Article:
I’ve been nursing this cold for a whole week, and it’s mildly annoying. On reading this article about President Zuma’s visit to a squatter settlement in the Western Cape (WC), I became more than a little infuriated. So I guess it’s time for another political rant before I log off and start watching Cloud Atlas which will hopefully calm me down.
The President exclaims that he is “…shocked to see my people live in these conditions.” He was referring to the Democratic Alliance (DA) who he says claims that “…things have improved.” The DA is in opposition to the ANC and is governing the WC – the only Province which is under their control, the rest being under ANC control.
The reality is that there are nine Provinces in South Africa, eight of which is governed by the ANC, of which Zuma is the leader. There are squatter settlements in all these other Provinces, in which people are living in squalid conditions that are equivalent to those of the WC, or worse. Zuma must think that “his” people are as ignorant as this poor woman (Pumla) from the WC squatter settlement who declared that she will vote for the ANC in the upcoming elections and stated that,
It’s just promises probably, but even if the promise is empty you still want that hope.
The reason the ANC are still in power is because there are far too many Pumla’s in South Africa, and far too many people who still believe in the ANC that once was. These people are misguidedly content to live on the hope that some day our politicians will make good on their many promises.
My anger turned to full-blown disgust when a statement was released to the press later this afternoon, in which the ANC stated that public statements that insult the President are “an abuse of the constitutionally enshrined right to freedom of expression.”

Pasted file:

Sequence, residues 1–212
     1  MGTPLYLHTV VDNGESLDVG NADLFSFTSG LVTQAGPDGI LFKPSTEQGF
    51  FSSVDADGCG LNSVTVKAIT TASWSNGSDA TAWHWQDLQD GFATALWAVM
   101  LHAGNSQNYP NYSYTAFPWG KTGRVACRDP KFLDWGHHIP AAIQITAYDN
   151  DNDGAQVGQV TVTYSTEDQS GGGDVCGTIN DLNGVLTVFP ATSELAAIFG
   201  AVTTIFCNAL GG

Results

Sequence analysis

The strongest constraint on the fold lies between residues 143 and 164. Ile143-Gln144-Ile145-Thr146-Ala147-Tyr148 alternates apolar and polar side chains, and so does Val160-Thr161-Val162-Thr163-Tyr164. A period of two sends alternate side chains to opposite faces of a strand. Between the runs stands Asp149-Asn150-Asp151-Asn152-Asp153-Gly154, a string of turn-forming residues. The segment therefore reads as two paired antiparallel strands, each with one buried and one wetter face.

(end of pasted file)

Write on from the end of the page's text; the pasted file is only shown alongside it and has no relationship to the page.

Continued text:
The spokesman went on to issue a veiled threat to the effect that:
…Elsewhere in the world, it is a criminal offence to insult a sitting head of state, and South Africans must, together, forge a common understanding on how we halt this impunity and abuse of democratic privilege.
The only countries I know of which actually prosecute and harass their citizens for criticising their President are those rune by demagogues, tyrants an tin-pot dictators. I’d like to think that South Africa is a proper democracy, but there are many, including influential people such as Archbishop Desmond Tutu who think we are on the slippery slope to tyranny.
The ANC that led South Africa to freedom from Apartheid is very different to the one led by Jacob Zuma. It has become in so many ways, a mirror-image of the apartheid era despots, under his leadership, or more accurately his abysmal lack of it.
It is abundantly clear that Zuma’s ANC must perish, so that the real ANC may rise in triumph once again. This can only be accomplished at the voting polls next year; it’s a pity we have to endure his Presidency in the interim.
End of rant; time for that movie…
Yet the ANC is also capable of undercutting the strength of the trade union movement. For instance, under the ANC government, police helped to break a strike at Pick and Pay supermarkets. During a strike in the auto industry, the ANC government lowered the tariffs on imports, thus de-emphasizing local production.
Yet in fact the closer the end of apartheid approached, the further the objective of socialism receded in the minds of the leaders of the Revolutionary Alliance uniting the ANC, SACP and COSATU. In part this was a consequence of the international political and ideological conjuncture. Stalinism in some form or other tended to form the horizons of the South African left, playing a crucial role in defining its conception of socialism, and offering a picture of the world divided into two blocs, the ‘progressive’ one united behind the Soviet Union and the imperialist one led by the United States.